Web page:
A growing body of research is showing that there are many physical and mental health benefits to practicing meditation. Mindfulness (vipassana) meditation is useful in managing pain and distressing mood states. According to the National Institute of Health’s National Center for Alternative and Complimentary Medicine (NCCAM) “there’s evidence that [meditation] may reduce blood pressure as well as symptoms of irritable bowel syndrome and flare-ups in people who have had ulcerative colitis… ease symptoms of anxiety and depression… help people with insomnia… lower the incidence, duration, and severity of acute respiratory illnesses (such as influenza)… physically change the brain and body and could potentially help to improve many health problems and promote healthy behaviors”. Certain types of meditation can increase self-compassion as well as reduce self-critical perfectionism and feelings of inadequacy.
Even relatively brief periods of meditation can make adaptive changes in the brain. Meditation has been associated with:
- decreased brain cell volume in the amygdala, an area of the brain that is responsible for fear, anxiety, and stress;
- increased cortical thickness in the hippocampus, a part of the brain associated with learning and memory;
- preservation of grey matter volume in the brain as we age.
In addition to improving overall wellness and aiding in the treatment of specific ailments, meditation improves the ability to focus and shift attention. In the research, meditation has been shown to reduce mind wandering which has been associated with decreased happiness. With practice we begin to understand that what we attend to defines our experience moment by moment. Meditation acts as a sort of mind training to help us get better at directing attention to what is helpful and important. This leads to greater well-being and improved functioning.
The practice of meditation increases awareness of inner experiences and how the mind functions. Meditation cultivates mindfulness, or non-judgmental awareness of the present moment, allowing us to relate to experience directly through sensing rather than through thought or mental events. We begin to observe, with less judgment, physical sensations, thoughts, feelings, urges to action, habits, and behavioral patterns that impact our experience. We begin to discern the subjective and the objective, the relative and the absolute, so that we can see things more clearly with less expectation and bias. This makes space for skillful responding rather than emotional, automatic, or impulsive reacting. People who meditate regularly will find that they are better at catching themselves before acting out on unhelpful habits.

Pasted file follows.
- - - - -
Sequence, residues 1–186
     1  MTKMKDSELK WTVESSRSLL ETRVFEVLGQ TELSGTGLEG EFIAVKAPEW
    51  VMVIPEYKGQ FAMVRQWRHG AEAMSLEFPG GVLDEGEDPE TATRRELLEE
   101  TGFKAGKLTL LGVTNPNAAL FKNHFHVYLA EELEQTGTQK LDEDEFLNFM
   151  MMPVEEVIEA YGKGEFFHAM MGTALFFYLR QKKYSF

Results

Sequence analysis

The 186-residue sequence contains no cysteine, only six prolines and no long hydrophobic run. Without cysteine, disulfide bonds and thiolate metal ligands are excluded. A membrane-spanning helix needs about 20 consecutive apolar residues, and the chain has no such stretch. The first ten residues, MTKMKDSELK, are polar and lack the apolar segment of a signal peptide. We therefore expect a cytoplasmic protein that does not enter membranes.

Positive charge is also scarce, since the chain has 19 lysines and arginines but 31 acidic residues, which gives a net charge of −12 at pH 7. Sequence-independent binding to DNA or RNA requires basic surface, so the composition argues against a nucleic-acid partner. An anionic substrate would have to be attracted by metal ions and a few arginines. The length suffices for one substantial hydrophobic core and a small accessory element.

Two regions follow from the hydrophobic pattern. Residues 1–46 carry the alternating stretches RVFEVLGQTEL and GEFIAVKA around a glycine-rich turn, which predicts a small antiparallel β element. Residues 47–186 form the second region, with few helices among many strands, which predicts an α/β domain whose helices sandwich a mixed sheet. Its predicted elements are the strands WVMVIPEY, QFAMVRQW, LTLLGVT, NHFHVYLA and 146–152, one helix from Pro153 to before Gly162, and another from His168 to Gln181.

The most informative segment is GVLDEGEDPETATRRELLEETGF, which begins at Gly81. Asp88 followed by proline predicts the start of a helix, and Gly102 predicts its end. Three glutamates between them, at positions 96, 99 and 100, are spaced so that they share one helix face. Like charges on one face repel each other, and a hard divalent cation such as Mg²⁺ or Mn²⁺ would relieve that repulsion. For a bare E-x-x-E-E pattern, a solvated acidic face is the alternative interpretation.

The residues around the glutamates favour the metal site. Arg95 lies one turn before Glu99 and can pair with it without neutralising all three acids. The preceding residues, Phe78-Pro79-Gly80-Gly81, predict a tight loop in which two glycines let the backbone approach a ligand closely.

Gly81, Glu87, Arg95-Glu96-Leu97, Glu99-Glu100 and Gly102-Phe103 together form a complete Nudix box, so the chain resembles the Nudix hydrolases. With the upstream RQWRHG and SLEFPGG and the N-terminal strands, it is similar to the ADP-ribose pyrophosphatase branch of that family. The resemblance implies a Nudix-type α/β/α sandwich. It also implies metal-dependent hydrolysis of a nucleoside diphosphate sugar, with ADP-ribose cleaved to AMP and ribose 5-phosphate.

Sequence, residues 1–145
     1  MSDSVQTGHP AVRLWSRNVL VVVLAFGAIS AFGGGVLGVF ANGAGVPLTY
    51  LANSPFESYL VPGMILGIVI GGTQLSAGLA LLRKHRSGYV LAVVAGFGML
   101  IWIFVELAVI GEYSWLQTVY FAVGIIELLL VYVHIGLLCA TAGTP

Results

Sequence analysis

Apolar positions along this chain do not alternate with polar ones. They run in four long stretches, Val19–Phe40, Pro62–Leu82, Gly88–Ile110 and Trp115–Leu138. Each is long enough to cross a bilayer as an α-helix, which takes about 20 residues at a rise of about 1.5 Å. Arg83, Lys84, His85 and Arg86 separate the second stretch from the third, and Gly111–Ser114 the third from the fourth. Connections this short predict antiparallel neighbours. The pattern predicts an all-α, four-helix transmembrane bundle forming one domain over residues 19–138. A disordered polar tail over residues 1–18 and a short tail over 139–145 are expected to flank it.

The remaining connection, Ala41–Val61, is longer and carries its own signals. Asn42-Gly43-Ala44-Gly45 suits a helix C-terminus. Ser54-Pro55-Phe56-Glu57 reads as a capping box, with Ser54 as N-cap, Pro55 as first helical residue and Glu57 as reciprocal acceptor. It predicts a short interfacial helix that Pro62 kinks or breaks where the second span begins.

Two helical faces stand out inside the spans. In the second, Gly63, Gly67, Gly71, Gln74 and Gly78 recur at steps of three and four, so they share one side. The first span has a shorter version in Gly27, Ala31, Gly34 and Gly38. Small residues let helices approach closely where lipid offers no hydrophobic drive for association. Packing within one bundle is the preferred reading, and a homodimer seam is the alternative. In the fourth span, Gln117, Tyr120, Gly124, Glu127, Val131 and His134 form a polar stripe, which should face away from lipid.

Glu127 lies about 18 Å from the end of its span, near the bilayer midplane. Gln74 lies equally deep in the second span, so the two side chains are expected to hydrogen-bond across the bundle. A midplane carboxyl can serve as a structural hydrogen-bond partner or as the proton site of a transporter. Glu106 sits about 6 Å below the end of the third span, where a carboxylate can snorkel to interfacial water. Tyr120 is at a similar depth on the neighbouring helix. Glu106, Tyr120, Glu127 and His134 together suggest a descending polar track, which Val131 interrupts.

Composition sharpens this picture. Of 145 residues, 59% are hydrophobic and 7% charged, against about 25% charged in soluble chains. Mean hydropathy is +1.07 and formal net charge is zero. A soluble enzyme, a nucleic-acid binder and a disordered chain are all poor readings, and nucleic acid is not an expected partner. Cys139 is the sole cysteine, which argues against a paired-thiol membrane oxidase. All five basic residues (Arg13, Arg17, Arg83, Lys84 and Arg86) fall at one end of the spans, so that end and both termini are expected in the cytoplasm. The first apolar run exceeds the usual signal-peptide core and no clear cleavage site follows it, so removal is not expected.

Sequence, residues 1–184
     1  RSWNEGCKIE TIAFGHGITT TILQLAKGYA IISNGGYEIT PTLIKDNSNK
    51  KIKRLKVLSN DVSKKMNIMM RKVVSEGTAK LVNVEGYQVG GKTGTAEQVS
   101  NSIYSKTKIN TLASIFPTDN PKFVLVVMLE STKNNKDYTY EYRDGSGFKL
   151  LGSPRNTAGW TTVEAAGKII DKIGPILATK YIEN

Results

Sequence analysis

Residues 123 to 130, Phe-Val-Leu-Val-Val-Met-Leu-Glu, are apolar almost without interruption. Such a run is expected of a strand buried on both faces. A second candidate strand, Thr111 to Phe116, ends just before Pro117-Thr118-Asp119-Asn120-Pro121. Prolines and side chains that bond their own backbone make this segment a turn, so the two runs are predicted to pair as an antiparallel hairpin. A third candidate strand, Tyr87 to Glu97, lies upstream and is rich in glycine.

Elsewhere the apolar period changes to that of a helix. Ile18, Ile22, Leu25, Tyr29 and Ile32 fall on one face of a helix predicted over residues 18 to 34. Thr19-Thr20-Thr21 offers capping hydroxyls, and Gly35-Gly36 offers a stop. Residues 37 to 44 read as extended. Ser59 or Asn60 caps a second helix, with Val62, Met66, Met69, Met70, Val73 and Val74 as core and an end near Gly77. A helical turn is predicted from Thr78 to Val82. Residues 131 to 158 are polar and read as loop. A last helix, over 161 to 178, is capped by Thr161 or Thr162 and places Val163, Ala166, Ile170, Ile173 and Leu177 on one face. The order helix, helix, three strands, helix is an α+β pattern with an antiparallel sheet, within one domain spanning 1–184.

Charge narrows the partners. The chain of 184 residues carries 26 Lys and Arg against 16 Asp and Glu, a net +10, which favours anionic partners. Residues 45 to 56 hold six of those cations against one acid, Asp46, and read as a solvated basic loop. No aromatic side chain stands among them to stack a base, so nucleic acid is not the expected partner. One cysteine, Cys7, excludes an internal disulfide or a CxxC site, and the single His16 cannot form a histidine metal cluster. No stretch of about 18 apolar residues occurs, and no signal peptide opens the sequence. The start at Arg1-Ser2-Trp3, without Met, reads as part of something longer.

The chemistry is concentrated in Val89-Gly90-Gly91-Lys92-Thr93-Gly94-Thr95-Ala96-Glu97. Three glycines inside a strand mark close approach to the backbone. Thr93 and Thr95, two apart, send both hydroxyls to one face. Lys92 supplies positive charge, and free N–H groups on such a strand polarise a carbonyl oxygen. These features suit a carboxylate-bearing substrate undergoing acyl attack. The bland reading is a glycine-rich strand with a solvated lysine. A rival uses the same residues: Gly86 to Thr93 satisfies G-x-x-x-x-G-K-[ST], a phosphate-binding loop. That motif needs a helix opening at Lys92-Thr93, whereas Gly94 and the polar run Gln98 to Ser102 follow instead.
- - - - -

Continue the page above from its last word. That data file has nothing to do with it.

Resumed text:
Over time, meditation develops equanimity or a sense of calm and balance, even in the face of difficulty. Sitting quietly for a period of time every day requires persistence and devotion. During meditation we practice non-interference; opening to and allowing what is here now, even when it is unpleasant. We find that this actually causes less suffering than our usual automatic response of grasping at and clinging to pleasant feelings while fighting against, pushing away, denying, suppressing, numbing, or distracting ourselves from unpleasant feelings. We learn to experience pleasure and pain without acting out of attachment or aversion. We see how our inner experiences wax and wane, come and go – that everything is ever-changing; impermanent. If we observe something long enough, it will change. It follows that, with practice, we find that we are more patient and we have greater confidence and courage in facing challenges.
Any of these correlates of meditation may allow us to get closer to our potential. When we embody the practices we act from our “best selves” and when we are at our best, our beneficence impacts others. Space is made for others to get closer to their best selves. Suffering is decreased. A beneficial cycle begins – a ripple effect reaching far beyond our internal experience in any given moment in time.
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